6. With the robotic procedure, the catheter was in for just over 5 days. Using the catheter is the most uncomfortable consequence of surgery, and I’m delighted it is over this quickly. Hint: schedule surgery for Wednesday or later in the week, so the catheter can come out as early as possible. I went in on a Tuesday and the doctor’s office was not open either Saturday or Sunday to remove the catheter, so I had to wait until Monday. I think it would have come out on Monday had I gone in on Wednesday or maybe even Thursday.

7. With the robotic procedure, I was up and walking before the anesthesia fully wore off. I was walking around the hospital an hour after I came out of recovery. Walking is encouraged to get the bowels moving again and to get the gas out of the system (which is used to distend organs during the operation).

8. I have no stitches to take out. I have two incisions that are just under an inch long and 4 more that are less than a half-inch.

9. Warning: Be careful not to walk too much, the catheter will irritate the end of the penis. I took to walking a mile every hour and a half or two hours, starting the day after the operation. Two days of that and irritation made me slow way down. Daily showers and extra washing around the catheter area takes care of any problems.

10. Now that the catheter is out, I can resume most activities. I see no reason why I could not go to work today—I started writing this within an hour of the removal of the catheter. If it weren’t so cold, I could golf tomorrow. Volleyball is still 3 weeks away, but that is much faster than with open surgery. And there seems to be no loss of strength, as one might expect with radiation. I’ll have to wait a few weeks before retoning the abs, but that is all. I expect a short period with a little bit of incontinence, hopefully very short and very little. I’ve just peed in the toilet for the first time in six days! We’ll have to see how soon sex is possible, but the data show much quicker recovery for that than with the open procedure.

11. Warning: Take baggy gym shorts, pajamas, and/or sweat pants with you to the hospital (and hotel if staying out of town). Your regular pants and underpants won’t fit well over the catheter and bag, and they can irritate the penis by rubbing too tightly. Dress as you might to play basketball, and you get the waistband up high enough to avoid the incisions and the penis will rub only slightly against soft and silky material.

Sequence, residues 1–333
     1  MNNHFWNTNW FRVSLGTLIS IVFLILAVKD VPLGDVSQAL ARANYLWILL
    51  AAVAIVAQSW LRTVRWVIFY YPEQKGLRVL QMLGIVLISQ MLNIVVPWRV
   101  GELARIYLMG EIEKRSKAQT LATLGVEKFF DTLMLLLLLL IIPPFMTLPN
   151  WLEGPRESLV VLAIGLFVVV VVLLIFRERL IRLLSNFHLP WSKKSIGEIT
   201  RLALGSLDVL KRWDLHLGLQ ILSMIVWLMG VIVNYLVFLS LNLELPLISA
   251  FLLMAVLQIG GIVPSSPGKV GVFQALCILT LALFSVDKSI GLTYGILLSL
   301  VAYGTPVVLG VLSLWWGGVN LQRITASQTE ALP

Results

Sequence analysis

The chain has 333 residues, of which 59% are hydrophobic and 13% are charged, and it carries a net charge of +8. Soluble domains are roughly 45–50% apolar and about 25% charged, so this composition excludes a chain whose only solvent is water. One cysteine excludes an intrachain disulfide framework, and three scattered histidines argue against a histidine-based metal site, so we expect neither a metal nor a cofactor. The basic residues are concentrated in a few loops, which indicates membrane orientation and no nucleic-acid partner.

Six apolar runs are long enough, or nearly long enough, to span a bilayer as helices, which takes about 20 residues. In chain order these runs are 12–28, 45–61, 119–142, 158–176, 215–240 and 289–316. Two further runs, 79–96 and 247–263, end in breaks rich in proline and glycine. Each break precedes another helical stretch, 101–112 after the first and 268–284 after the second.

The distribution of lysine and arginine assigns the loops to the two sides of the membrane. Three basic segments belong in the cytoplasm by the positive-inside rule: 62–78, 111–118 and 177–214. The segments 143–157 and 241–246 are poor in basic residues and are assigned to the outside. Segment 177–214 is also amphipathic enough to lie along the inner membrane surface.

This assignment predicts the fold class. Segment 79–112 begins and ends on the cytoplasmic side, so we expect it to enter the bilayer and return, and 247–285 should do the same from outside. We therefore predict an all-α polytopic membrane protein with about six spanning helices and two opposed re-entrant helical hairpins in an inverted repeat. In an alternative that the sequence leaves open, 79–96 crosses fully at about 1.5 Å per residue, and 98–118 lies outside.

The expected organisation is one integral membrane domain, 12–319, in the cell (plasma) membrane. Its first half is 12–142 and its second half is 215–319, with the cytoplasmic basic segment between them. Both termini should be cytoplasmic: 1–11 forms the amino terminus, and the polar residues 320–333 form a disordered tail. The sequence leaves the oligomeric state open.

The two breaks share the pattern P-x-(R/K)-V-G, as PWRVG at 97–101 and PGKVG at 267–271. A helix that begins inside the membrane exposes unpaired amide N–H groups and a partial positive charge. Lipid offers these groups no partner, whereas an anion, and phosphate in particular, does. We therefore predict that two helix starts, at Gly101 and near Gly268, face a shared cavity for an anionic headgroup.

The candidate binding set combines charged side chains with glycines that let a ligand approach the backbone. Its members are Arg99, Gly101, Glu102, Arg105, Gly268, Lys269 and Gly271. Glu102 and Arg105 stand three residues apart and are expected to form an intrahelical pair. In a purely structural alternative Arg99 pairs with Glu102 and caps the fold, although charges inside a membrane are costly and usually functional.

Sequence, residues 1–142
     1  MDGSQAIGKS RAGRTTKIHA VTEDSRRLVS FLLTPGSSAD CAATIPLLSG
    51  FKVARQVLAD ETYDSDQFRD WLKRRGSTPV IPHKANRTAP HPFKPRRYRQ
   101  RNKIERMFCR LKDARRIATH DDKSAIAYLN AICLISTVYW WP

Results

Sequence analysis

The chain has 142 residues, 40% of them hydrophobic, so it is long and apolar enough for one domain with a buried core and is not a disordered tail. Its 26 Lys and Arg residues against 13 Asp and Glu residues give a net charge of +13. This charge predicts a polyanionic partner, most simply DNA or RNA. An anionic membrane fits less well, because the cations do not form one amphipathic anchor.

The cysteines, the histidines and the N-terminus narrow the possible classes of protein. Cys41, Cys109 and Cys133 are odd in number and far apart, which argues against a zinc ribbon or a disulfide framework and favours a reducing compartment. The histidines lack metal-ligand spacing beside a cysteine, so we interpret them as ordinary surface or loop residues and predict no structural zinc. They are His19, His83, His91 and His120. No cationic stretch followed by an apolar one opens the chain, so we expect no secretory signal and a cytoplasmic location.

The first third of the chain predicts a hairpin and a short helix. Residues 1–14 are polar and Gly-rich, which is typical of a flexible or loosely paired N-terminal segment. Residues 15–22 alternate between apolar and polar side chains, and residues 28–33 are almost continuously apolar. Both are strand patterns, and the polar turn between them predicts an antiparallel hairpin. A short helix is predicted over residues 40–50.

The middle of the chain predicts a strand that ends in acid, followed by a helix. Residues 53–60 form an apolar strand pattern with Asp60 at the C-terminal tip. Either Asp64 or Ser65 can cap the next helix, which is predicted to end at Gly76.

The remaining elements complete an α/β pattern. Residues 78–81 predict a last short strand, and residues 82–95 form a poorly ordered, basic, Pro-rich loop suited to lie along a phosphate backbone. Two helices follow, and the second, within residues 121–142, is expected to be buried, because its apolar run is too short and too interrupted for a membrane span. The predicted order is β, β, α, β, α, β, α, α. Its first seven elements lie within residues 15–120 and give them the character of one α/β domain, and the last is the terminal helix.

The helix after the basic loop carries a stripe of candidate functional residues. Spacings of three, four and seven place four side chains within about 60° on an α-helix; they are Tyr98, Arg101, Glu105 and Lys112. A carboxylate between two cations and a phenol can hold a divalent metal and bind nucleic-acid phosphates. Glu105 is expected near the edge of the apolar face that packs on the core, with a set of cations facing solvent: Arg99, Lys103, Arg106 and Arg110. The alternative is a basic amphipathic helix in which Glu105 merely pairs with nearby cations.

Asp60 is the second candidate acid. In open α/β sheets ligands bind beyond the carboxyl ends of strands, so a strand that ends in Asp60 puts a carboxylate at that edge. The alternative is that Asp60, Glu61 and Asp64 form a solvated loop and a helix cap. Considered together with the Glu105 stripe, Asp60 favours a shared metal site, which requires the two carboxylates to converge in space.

12. Don’t worry about the return of normal bowel movements. I was a little concerned about first getting a bowel movement and then getting a normal one. The first came on schedule after the 2nd half of the bottle of magnesium citrate; the latter came the day after I started the stool softener. Hint: take some Vaseline or hemorrhoid cream with you—once those movements start up, you’ll be happy you have it.

13. I was happy I got tape from the hospital and had scissors with me. I had to tape the larger catheter bag to my leg each night and remove it each morning. I left one layer of tape for the 5 days, with the tube for the bag taped above it in the evenings and then cut off in the mornings. I left the cut tape wrapped around the tube so it didn’t get sticky. I found it impractical to use only one bag.

14. Don’t worry about removal of the catheter. The staff had to take x-rays and the doctor to approval removal, but the actual removal is done by a nurse in just a couple of minutes--and it is nearly painless.

15. MOST IMPORTANT: CHOOSE THE BEST SURGEON YOU CAN REASONABLY GET TO. If you can get to Nashville, TN, I strongly recommend Ram Dasari. I chose Dasari because (a) virtually all he does is robotic prostate operations, (b) he had done more than 850 before me, (c) he works with virtually the same team every day, (d) I was getting him—not a student of his—for the whole operation, and (e) he had trained Damani in robotics and was recommended by him (Damani has done over 100 robotic operations at the time of this writing, but that is still early in the learning curve—and he really prefers the open operation). Dasari had been at Henry Ford, the top teaching hospital for the robotic prostate operation, for a year-long fellowship four years ago. I didn’t go to a teaching hospital because I didn’t want to take the chance of getting someone similar to the Dasari of four years earlier for at least some of the operation. Why take that chance when I could get someone at Dasari’s current stage of development for the whole operation? All the statistics show that there is a tremendous learning curve with this operation: those with more experience get better margins and quicker recoveries of both continence and potency. Dasari has an excellent team. For example, I had no sore throat from the anesthesia even though delivering it is very complex: the operation lasts nearly 4 hours, you are hanging upside down, and the anesthesiologist has to both keep you under and help you breathe (lungs don’t expand and contract well in that position.) The nurses knew all the precautions to take and could answer any questions I had. To get Dasari, I had to wait over 2 months and then spend 9 days in an extended-stay hotel in Nashville—but I think it was well worth it. I think the world of Damani as both a person and a surgeon, but he is not really a robotic specialist. He has over 100 robotic operations under his belt and never a positive margin. Things almost certainly would have gone nearly as well with him, and I could have stayed at home and had the operation nearly a month earlier. But this operation is a matter of life and death, continence and incontinence, potency and impotency. Both doctors said I could afford the wait—and I could afford the time and expense of coming to Nashville. If continence or potency come back just a little earlier, if the operation was slightly more pain-free or the anesthesiologist a little more experienced with the operation, if the odds on getting no positive margins were ever-so-slightly better, the extra time and expense were well spent.